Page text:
Rudy Gay Out Four (or More) Weeks: Can the Griz Survive?



UPDATE: It's been brought to my attention that the on court/off court stats cited via haven't been updated in about a month — which I didn't notice. Current numbers underscore the same point about the team being better with Gay on the floor at both the offensive and defensive ends, though the difference now isn't quite as extreme because the "bench" has improved over the past month. I'll update the numbers when I have a chance.

The Grizzlies got bad news yesterday when an MRI on Rudy Gay's injured shoulder revealed enough damage to keep him out of the lineup for what's estimated to be at least four weeks — which would be nearly half the remaining season. This loss comes at the team's most optimistic moment of the season, in the midst of four-game winning streak and a playoff situation in which the Grizzlies are now tied for the 8th seed and only 1.5 games out of the 5th seed. Can they remain in the playoff race without him?

Rudy Gay will be on the sidelines for the next month.

What is Being Lost: On the season, the Grizzlies have outscored opponents by 2.9 points per 100 possessions with Rudy Gay on the floor. (All on-court/off-court numbers from Without him? They've been outscored by 10.5, the biggest point swing related to any individual player on the team. Gay leads the team in minutes (39.9) and is second in points (19.8 per game) and PER (18.0). He has also been, arguably, the team's most significant two-way player this season. In short, a major, major loss.

Playing Without Him: While the Grizzlies have been much worse this season when Gay's gone to the bench, they've actually been pretty solid in the three-and-a-half games in which Gay hasn't been available at all.

With Gay serving a one-game league suspension on December 18th, the Grizzlies took the San Antonio Spurs — the league's top team so far this season — to overtime on the road before losing. With Gay out sick on January 1st, the Grizzlies played at Utah in what was a single-possession game into the final minute before losing 98-92. And with Gay out with a sprained toe on February 8th, the Grizzlies won a rousing overtime road game against the Oklahoma City Thunder.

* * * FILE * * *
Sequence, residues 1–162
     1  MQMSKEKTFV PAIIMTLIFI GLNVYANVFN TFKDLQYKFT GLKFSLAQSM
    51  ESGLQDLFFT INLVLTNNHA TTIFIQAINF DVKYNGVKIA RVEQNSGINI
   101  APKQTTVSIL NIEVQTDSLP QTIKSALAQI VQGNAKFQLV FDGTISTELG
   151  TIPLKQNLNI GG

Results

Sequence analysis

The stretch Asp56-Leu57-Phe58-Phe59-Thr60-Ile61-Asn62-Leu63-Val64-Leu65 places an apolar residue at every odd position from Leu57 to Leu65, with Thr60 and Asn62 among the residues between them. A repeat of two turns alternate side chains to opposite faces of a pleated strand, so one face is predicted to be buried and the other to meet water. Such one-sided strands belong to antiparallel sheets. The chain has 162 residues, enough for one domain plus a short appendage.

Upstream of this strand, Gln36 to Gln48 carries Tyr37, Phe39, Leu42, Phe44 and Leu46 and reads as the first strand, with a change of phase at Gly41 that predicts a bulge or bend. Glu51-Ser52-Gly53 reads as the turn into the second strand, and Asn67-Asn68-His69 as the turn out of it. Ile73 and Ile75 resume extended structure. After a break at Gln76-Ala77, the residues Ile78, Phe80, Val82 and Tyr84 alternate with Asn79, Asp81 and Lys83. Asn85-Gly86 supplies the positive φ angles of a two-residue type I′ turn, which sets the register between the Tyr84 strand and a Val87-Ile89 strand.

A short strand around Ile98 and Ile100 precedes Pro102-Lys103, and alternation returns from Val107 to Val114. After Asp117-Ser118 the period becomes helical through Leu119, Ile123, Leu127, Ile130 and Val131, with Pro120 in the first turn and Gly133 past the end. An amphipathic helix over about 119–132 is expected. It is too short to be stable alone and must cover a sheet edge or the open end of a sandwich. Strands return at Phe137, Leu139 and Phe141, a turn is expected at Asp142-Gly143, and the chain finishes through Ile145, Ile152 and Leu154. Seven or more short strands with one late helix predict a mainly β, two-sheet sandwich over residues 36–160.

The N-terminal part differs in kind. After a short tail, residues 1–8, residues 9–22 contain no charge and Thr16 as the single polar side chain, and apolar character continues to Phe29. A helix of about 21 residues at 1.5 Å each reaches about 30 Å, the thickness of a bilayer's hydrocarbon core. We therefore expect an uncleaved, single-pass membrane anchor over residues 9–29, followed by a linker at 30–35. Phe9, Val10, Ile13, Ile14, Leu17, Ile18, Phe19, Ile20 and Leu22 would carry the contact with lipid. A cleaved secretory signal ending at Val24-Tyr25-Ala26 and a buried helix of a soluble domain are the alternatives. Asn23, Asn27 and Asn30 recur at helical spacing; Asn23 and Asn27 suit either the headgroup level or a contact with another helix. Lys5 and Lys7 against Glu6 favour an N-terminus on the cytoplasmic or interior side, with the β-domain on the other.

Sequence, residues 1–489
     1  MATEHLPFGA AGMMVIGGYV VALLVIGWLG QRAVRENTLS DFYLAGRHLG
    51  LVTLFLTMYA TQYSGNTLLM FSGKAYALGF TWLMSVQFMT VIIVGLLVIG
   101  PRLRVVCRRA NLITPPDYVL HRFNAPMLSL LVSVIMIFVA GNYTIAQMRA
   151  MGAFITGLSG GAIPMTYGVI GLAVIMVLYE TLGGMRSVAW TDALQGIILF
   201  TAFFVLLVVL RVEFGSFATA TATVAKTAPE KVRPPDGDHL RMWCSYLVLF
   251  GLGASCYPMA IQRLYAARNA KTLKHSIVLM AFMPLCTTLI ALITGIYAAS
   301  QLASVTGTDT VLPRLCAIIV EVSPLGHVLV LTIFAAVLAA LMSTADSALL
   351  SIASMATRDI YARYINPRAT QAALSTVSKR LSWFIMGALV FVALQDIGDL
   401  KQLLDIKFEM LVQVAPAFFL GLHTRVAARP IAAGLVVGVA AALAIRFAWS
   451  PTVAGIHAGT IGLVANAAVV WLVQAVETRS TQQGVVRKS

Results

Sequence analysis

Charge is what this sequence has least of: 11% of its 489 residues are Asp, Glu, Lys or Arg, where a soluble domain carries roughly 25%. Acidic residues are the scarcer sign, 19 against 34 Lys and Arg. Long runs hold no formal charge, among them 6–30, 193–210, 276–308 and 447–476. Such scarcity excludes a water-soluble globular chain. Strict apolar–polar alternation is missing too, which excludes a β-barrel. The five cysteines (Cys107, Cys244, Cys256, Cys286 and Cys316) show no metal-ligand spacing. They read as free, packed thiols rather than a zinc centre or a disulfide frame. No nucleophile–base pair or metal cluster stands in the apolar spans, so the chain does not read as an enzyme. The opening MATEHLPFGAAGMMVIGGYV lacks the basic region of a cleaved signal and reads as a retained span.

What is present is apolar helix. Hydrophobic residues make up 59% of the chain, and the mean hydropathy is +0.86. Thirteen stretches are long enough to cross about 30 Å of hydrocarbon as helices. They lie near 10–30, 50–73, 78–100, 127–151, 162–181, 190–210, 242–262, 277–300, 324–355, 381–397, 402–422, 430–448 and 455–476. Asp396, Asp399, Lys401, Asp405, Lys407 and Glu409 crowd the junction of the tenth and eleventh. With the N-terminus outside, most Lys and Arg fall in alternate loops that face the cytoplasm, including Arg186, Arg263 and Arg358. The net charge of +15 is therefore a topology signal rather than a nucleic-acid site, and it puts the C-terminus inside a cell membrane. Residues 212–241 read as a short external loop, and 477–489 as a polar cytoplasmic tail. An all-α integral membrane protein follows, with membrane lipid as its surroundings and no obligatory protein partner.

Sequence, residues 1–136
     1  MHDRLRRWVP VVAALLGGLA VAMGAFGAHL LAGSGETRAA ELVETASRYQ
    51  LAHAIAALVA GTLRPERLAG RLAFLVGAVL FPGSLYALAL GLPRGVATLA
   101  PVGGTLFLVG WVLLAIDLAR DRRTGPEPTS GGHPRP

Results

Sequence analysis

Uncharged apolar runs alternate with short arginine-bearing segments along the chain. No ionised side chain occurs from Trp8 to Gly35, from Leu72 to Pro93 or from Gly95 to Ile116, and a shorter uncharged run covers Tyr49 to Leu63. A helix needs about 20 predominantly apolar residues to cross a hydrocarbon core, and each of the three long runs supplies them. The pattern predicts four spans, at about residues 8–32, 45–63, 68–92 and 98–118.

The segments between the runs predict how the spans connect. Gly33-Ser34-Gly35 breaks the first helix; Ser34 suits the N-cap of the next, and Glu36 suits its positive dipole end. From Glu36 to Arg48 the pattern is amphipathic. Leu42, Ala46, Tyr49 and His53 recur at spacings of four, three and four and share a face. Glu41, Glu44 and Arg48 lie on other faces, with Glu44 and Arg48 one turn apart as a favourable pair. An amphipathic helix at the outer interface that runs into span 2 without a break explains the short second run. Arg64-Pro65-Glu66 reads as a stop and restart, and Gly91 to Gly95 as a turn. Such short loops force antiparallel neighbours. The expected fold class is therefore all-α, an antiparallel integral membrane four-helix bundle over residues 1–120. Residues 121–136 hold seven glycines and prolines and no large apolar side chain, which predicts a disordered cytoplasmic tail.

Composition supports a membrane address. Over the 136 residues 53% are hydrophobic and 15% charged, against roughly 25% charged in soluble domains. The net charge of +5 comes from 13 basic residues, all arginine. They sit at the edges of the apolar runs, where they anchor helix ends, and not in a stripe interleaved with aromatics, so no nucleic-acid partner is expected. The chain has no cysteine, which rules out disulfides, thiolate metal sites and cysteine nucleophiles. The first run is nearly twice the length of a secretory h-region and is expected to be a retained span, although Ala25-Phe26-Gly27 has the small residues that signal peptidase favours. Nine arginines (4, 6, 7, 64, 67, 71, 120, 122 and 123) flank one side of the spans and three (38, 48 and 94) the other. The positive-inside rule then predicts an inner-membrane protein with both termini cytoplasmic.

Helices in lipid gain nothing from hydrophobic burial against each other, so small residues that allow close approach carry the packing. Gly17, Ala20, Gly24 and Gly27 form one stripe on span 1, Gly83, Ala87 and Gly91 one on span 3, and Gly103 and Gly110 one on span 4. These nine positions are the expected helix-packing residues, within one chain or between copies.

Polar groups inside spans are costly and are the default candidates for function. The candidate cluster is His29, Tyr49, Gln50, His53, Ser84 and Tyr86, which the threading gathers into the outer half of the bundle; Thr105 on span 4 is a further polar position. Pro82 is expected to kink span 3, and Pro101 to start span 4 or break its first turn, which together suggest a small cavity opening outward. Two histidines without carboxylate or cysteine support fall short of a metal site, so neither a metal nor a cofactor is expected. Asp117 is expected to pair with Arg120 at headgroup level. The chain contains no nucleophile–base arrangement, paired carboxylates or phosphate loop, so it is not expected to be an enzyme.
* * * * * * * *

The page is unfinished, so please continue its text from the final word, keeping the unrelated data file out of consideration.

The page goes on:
Even in the game in which Gay got injured, against the Philadelphia 76ers, the Grizzlies turned a one-point third quarter lead without Gay into a double-digit win against a team that went on to win big in Houston the next night and his 10-2 in their past 12 games against teams other than the Grizzlies.

So, the Grizzlies have shown they can be competitive without Rudy Gay. But can they do so for 12 or more games in a row?

Replacing the Points: A 20-point scorer on the season, Gay's scoring has actually been down a little during the team's recent run. Gay averaged 17 points during the Mayo suspension, in which the team went 8-2. Meanwhile, the team has enjoyed more offensive balance with several secondary scorers outperforming their season averages in the past 10 games: Mike Conley (16.5 in the past 10 to 13.7 on the season), Sam Young (13.7 to 6.4), Marc Gasol (12.6 to 11.8), Darrell Arthur (10.7 to 8.6), and Tony Allen (10.3 to 6.9) have all stepped up their scoring lately.

The Grizzlies will need these players, collectively, to keep it up and hopefully push their scoring up a little bit more. But the best hope for replacing the bulk of those 17 points Gay's been giving the team will come from a couple of "new" additions.

One is Jason Williams, who has made three appearances since joining the team, finally taking — and making — his first field-goal attempt (a three-pointer) in the last game against Philadelphia. Williams seems likely to become the primary point guard behind Mike Conley and while the team certainly will not be expecting Williams to become a significant scorer, the hope will be that Williams' ability to knockdown open threes can add a needed component to the team's offense.